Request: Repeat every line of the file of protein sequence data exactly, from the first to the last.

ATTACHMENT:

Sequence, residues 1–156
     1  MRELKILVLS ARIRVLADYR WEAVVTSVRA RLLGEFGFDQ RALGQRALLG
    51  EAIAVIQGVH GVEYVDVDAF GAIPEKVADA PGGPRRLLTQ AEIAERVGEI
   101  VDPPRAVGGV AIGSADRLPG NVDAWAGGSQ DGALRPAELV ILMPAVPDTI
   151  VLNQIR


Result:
Sequence, residues 1–156
     1  MRELKILVLS ARIRVLADYR WEAVVTSVRA RLLGEFGFDQ RALGQRALLG
    51  EAIAVIQGVH GVEYVDVDAF GAIPEKVADA PGGPRRLLTQ AEIAERVGEI
   101  VDPPRAVGGV AIGSADRLPG NVDAWAGGSQ DGALRPAELV ILMPAVPDTI
   151  VLNQIR